FIG. 6 is a schematic block diagram of an embodiment of apparatus for preparing carbon thin film according to the invention.

Referring to FIG. 6, there are shown a vacuum container 11, an electron gun 12, an electron energy analyzer 13 including a detector, a specimen stage 14, a specimen 15, a primary electron beam 16, electrons 17 reflected at the surface of the specimen 15, a power source 18 for heating the specimen, a source gas container 19, a valve 20, a flow rate controller 21 and a control means 22. Note that a reflected electron energy loss spectroscopy system for analyzing the thin film is formed by the vacuum container 11, the electron gun 12, the analyzer 13 and the specimen stage 14 as in the case of FIG. 1. A concentric spherical energy analyzer was used in this experiment.

As in the case of Experiment 1, a substrate for forming a carbon thin film and analyzing the formed thin film as shown in FIG. 5 and an apparatus for forming a thin film as shown in FIG. 6 were used in this experiment. In this experiment, a graphite thin film with an average crystallite size of 2 nm was formed as thin film I (0.5 μm wide) shown in FIG. 5 in a manner as described below.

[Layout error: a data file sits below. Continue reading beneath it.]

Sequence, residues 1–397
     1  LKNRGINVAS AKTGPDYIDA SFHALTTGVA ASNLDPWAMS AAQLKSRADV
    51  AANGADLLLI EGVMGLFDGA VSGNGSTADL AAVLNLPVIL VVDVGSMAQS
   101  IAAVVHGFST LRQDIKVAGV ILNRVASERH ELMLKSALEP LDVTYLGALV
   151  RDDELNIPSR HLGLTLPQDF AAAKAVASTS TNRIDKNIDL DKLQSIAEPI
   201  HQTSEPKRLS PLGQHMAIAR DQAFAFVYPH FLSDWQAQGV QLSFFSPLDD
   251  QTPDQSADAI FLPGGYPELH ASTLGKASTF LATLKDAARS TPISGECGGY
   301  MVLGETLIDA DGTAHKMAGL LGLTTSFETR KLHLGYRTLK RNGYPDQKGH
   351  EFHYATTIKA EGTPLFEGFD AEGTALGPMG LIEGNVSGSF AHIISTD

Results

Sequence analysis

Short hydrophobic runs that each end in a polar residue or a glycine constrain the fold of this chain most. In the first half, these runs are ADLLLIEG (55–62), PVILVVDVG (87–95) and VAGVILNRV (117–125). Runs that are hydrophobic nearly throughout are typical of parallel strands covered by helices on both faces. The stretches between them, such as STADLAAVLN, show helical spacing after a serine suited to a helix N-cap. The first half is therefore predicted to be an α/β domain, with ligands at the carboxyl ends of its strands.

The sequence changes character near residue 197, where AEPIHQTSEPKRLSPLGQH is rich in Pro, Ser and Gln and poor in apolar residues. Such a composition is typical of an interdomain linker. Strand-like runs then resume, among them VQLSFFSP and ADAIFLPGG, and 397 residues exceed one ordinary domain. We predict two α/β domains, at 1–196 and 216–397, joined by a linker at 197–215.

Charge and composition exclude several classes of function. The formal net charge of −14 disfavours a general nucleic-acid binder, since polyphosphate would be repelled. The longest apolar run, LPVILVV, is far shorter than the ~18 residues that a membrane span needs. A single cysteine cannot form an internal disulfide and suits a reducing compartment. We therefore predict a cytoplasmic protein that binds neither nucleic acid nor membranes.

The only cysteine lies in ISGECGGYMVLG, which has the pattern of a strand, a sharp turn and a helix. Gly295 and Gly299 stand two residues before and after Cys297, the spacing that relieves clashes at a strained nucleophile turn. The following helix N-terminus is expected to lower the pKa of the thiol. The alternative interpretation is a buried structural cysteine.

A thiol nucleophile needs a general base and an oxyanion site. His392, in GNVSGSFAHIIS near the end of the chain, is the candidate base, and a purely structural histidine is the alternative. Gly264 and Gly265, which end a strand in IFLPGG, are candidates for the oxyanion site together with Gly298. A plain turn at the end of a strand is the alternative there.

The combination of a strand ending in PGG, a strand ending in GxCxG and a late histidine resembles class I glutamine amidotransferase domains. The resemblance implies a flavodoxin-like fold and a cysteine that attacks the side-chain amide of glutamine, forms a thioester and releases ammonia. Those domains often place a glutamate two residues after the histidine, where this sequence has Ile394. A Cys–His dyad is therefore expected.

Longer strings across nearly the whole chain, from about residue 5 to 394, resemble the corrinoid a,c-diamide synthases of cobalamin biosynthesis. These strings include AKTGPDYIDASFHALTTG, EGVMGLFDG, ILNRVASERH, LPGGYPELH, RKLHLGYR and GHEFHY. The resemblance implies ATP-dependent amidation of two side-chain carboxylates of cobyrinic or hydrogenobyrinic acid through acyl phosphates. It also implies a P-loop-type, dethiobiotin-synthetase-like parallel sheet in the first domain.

Firstly, as conditions of the thermal CVD, acetone was introduced as source gas under (fixed) pressure of 1 Torr and the substrate was heated to the initial temperature of 800° C.

The operation of reflected electron energy loss spectroscopy was conducted under the conditions same as those of Experiment 1 except that the specimen was not exposed to the atmosphere and held constantly in the same vacuum container 11. More specifically, after introducing acetone for a predetermined period of time, the inside of the container was evacuated to observe the reflected electron energy loss spectrum. During the observation of the spectrum, the temperature of the substrate was held constant. After the observation of the spectrum, the temperature of the substrate was changed when it was determined that such a change was necessary as a result of spectrum analysis. The above sequence was repeated each time after introducing acetone for 10 minutes.